Alpena observes gentler, simpler Fourth of July
ALPENA — Duck races, cardboard boats, sand castles, and a cheerful parade were absent in Alpena on the Fourth of July, but a gentler, simpler holiday celebration still marked a day of national pride.
Festivities originally planned for the city’s annual Independence Day celebration were cancelled in June, a casualty of the coronavirus pandemic.
Amanda Crawford, an Alpena-area native who now lives in Indiana, said she brings her daughters back to Alpena every year for the Fourth of July.
“Alpena’s like the port where people come back, visit their family,” said Roger Griffin as he and visiting friends waited for fireworks to start Saturday night. “When you miss that tradition, it’s kind of like you’re missing a piece of the family.”
The annual Alpena fireworks show, which faced cancellation itself, was saved through the financial support of a generous community.
At the time the annual parade would have filled the sidewalks of Chisholm Street with onlookers, a band of around 50 people in red, white, and blue walked peacefully down the same sidewalk, waving flags and celebrating independence, to the friendly toots of a few passing motorists.
In city neighborhoods, volleyball, squirt gun battles, and cornhole games occupied many front yards, while people holding red plastic cups sat in sociable circles and chatted in driveways.
Parking lots at major retailers and grocery stores were sparsely populated, while lots near the waterfront were packed as the afternoon sun warmed bodies and glinted on the peaceful waters of Lake Huron.
As the sun lowered, couples and family groups set up chairs at Bay View Park, content to wait an hour or more for the city’s fireworks to begin.
Farther along the lakeshore, bicycles and scooters zipped between pedestrians and children wrapped in beach towels, making their way toward the larger throng of people gathered at Starlite Beach and Mich-E-Ke-Wis Park.
Along neighboring streets, red-and-white-checked tablecloths held hot dogs and potato chips as more people relaxed outside their homes. Children with sparklers pranced barefoot while grownups watched from their front porches.
A woman with a tambourine led a band in laid-back outdoor music at the Hungry Hippie. Across the road, miniature golfers putted and chatted, a mother-son air hockey match stirring up laughter nearby.
The celebration had an appealing, intimate feel, according to Angela Nickell, a downstate resident in town for the Fourth for the first time.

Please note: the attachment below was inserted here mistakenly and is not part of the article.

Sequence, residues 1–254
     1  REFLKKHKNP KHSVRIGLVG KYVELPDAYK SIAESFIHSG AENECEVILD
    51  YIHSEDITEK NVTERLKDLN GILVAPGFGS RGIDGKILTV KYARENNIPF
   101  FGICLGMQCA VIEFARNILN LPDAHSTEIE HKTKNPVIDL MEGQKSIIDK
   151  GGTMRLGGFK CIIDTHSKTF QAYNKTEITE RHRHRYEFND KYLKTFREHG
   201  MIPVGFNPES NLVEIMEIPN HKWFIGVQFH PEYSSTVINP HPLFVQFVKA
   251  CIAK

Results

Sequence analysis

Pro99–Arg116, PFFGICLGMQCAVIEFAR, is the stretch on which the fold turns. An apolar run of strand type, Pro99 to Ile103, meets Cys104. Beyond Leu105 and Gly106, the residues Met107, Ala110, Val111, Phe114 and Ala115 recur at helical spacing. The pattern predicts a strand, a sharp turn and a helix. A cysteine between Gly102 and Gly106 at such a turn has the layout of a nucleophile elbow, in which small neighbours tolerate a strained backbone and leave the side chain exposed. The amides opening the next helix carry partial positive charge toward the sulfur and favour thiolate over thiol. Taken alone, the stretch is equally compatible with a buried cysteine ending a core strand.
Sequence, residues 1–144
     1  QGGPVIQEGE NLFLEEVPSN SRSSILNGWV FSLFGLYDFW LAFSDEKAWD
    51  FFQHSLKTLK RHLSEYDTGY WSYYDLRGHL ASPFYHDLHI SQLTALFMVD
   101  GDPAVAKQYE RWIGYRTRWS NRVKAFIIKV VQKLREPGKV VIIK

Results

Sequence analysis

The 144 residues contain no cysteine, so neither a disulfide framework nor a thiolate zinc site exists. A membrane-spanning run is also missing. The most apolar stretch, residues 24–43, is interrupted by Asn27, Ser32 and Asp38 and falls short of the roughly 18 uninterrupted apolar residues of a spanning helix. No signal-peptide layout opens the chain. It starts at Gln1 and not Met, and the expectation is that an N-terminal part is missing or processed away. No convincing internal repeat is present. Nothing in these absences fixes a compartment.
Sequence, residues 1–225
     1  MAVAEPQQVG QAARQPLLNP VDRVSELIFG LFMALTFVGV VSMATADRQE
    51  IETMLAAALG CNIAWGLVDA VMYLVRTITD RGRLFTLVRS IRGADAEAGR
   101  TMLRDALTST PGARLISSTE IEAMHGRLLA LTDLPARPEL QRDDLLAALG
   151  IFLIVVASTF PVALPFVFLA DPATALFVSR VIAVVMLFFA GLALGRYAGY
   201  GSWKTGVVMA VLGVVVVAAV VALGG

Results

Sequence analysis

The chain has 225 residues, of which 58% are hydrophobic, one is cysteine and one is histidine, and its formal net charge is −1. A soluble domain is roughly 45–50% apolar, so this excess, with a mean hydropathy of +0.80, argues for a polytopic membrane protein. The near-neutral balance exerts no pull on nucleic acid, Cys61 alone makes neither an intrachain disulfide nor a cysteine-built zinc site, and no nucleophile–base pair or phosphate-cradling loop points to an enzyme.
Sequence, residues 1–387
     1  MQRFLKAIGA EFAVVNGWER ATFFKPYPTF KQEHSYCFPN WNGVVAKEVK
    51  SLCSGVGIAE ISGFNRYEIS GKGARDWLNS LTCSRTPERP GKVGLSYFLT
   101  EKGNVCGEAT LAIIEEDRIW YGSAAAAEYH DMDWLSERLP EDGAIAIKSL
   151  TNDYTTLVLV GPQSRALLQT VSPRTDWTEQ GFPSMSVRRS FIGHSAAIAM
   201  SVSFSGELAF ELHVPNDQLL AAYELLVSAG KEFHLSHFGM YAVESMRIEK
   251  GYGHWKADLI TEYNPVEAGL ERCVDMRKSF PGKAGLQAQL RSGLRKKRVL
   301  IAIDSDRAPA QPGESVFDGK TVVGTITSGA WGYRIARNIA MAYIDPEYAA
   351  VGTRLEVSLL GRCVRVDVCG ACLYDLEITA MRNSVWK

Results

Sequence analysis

The dark skies of Northeast Michigan, where you can see the MIlky Way and satellites passing by, are the perfect backdrop for fireworks, her husband Brian Nickell said.
Small flashes and little booms shot off from a Starlite Beach parking lot, and a few sparkles fountained near the sand. Little dogs yipped at big dogs, and kids giggled from dads’ shoulders.
On and around the beach, people sat, talked, played board games — fewer people than usual for the holiday, several people observed.
Beverly Spurgis, a downstater with a cottage on Hubbard Lake, comes to the fireworks most years and expected a bigger crowd this year.
Pandemic or no, the day had still been a good one, she said.
“We live in the best country in the world,” Spurgis said. “We should celebrate it.”
A few swimmers raced and bobbed near the shore while boats hovered in Thunder Bay, more arriving and stopping their motors as day drew closer to night.
Many of those waiting patiently along the beach gasped and pointed as a giant, pale moon slipped out of the water on the horizon and lifted into the sky.
The fireworks show, scheduled for around 10 p.m., boomed into the sky about 10:30, preceded by a host of snaps, crackles, and pops enlivening neighborhood streets and echoing between empty downtown buildings.
Bursts of color marked the show’s beginning, and cheers from appreciative crowds could be heard a mile and a half away after the holy-cow, can’t-look-away showstopper of a grand finale.
Independence Day, said visitor from downstate Robert Woodbeck, reminds us that, even when the country is rattled by sickness and voices are raised against each other, it’s still a collection of 50 states working as one.
“Sometimes we forget that,” Woodbeck said. “Even though we’re individuals, we still agree to collaborate together to form something bigger.”
Bill Critcher, Woodbeck’s father, who called himself too old to be ruffled by recent major events in the country and world, said a scaled-back holiday is still well worth celebrating.
“It’s the birthday of the United States of America,” Critcher said. “Why wouldn’t you celebrate your birthday?